As explored in our previous article, Outdoor and Perimeter Applications of Thermal Cameras, thermal imaging cameras are the perfect security camera for various outdoor applications, particularly perimeter and compound security.
Beyond this basic level of security, thermal cameras can also be used for more complex applications, such as in law enforcement and safety sectors, machinery maintenance, and even in outer space.
Law Enforcement and Safety
Law enforcement and firefighters can utilise thermal cameras to do countless things that would otherwise be impossible for humans.
Firefighters can employ thermal cameras to assist them when traversing through smoke-filled areas by acting as another pair of eyes. These cameras can also give firefighters information like where the fire is localised, the progress of the fire, whether it may reignite, and if the fire has been extinguished thoroughly enough. This provides firefighters with critical details to make informed decisions about the appropriate course of action.
Other safety applications include search and rescue, maritime navigation, road safety, and a long list of other such areas.
One common use shared between applications like law enforcement, firefighting, or search and rescue is locating individuals. Whether a person is lost in a smoke-filled room, stranded in the ocean, or in complete darkness – thermal cameras can effortlessly locate them from body heat alone. This also extends to vehicles and maritime vessels. Due to the immense amounts of heat they generate, it’s possible to track moving vehicles in complete darkness, detect which cars have been recently abandoned, and so on.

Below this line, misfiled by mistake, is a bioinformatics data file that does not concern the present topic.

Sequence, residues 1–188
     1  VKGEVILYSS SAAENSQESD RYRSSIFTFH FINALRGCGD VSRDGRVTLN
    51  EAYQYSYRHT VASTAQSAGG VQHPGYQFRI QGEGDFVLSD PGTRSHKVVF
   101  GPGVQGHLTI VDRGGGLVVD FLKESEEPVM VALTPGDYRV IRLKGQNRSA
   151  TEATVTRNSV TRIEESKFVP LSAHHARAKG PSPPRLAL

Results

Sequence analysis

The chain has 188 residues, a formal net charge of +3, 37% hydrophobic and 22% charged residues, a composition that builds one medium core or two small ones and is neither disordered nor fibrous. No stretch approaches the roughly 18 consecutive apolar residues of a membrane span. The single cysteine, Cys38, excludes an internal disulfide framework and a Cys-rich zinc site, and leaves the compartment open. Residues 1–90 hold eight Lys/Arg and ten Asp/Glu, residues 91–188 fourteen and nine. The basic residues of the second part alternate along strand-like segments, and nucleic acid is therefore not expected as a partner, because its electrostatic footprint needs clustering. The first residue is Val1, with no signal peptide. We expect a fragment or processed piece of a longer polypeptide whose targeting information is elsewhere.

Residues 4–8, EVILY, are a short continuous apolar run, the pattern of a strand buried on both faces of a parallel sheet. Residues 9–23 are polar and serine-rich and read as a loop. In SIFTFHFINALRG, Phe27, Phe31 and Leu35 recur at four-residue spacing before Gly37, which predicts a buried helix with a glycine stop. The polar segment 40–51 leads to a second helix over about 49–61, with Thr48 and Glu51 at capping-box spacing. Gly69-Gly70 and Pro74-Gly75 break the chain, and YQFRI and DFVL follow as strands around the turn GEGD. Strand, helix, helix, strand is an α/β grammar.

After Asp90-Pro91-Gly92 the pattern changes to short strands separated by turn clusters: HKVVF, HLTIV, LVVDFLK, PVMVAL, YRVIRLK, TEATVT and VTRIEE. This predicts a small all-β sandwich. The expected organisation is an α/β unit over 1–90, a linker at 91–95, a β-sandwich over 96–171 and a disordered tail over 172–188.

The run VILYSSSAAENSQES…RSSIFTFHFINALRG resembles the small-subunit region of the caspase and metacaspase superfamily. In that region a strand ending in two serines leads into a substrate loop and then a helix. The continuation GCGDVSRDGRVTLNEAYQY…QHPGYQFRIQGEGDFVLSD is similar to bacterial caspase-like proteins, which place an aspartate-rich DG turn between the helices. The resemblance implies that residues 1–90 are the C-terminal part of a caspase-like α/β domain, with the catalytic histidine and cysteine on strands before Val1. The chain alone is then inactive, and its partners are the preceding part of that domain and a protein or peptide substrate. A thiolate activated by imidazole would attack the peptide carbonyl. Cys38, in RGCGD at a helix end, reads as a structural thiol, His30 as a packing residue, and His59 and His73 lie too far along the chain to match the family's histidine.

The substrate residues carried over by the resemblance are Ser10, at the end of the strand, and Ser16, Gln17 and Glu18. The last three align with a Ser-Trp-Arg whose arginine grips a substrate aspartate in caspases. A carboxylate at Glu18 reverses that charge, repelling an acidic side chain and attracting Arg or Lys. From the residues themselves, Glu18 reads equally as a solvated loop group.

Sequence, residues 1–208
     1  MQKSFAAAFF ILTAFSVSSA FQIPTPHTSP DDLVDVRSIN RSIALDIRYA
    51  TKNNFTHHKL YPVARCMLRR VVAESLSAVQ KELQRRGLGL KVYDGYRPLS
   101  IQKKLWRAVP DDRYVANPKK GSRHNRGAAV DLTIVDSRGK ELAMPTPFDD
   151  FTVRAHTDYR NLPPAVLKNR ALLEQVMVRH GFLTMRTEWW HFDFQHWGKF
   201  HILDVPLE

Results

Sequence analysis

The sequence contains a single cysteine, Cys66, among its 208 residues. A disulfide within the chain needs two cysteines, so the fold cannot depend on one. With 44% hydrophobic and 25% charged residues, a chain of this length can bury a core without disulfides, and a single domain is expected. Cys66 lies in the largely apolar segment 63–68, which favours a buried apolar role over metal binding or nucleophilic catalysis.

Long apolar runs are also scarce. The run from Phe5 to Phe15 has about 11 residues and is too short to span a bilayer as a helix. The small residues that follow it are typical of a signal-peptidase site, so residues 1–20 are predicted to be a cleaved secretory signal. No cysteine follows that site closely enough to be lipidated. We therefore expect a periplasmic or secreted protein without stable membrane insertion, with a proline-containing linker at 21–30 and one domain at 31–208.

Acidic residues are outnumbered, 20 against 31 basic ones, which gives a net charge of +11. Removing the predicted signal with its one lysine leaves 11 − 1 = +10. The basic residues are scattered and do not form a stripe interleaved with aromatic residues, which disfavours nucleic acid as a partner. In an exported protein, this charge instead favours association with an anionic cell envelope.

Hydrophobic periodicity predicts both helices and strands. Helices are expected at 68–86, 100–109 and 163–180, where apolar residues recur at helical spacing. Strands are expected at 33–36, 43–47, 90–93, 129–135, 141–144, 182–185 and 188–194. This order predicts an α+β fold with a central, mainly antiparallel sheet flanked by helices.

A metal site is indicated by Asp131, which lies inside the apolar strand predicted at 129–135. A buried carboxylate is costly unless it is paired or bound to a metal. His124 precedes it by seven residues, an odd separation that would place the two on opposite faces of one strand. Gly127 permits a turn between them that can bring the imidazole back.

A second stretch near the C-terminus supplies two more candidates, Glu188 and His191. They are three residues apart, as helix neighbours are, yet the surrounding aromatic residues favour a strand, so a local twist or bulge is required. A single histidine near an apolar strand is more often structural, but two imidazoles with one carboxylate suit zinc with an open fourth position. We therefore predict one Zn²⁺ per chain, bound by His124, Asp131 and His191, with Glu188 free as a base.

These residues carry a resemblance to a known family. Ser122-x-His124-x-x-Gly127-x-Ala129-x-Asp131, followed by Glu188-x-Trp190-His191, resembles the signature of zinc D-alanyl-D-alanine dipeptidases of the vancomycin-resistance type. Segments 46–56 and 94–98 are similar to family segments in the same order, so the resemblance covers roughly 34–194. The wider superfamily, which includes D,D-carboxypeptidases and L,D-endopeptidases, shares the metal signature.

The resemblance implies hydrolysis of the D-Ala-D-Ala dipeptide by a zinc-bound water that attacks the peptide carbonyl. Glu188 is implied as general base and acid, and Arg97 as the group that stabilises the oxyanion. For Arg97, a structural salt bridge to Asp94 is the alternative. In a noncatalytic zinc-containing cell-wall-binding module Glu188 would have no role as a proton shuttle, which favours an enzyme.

This ability makes thermal cameras indispensable for combat settings ranging from naval engagements through to on-foot operations.
Thermal cameras installed into road vehicles means the driver can see the road more clearly in normal and harsh weather conditions. Hence, the driver may see hazards that may appear in total darkness and assist them in avoiding an accident. Typical thermal cameras for road vehicle applications detect objects further than normal headlights can reach, providing more safety for the driver and others on the road.
As well as being fixed instalments on properties, thermal cameras can be adapted to suit vehicles, such as drones, helicopters, and planes. In doing so, thermal cameras can provide a comprehensive view of the environment in full thermal.
Maintenance of Machinery
While uses in military and other flashy settings tend to get the spotlight, thermal cameras are a very useful preventative maintenance tool, particularly in factory environments where it is essential to regularly monitor and maintain equipment. As machines operate, they can generate immense amounts of heat, which can lead to overheating if not managed.
However, by using thermal cameras to detect the heat of the machinery, overheating and other potentially detrimental issues can easily be avoided. For example, pumps, motors, bearings and conveyor belts in factories can be monitored to pre-emptively identify overheating before it happens. Motor vehicles can also be monitored by thermal cameras to highlight problems, ranging from exhaust leaks to an engine with uneven temperature measurements.
Similarly, thermal cameras can also be used to find blockages and leaks in ventilation systems and pipes, or to analyse the energy output of a property. This is done by monitoring insulation defects, HVAC performance, as well as air leakage from windows and door frames. Similarly, these devices can see what points are losing the most heat to their surroundings, such as hot water pipes and tanks.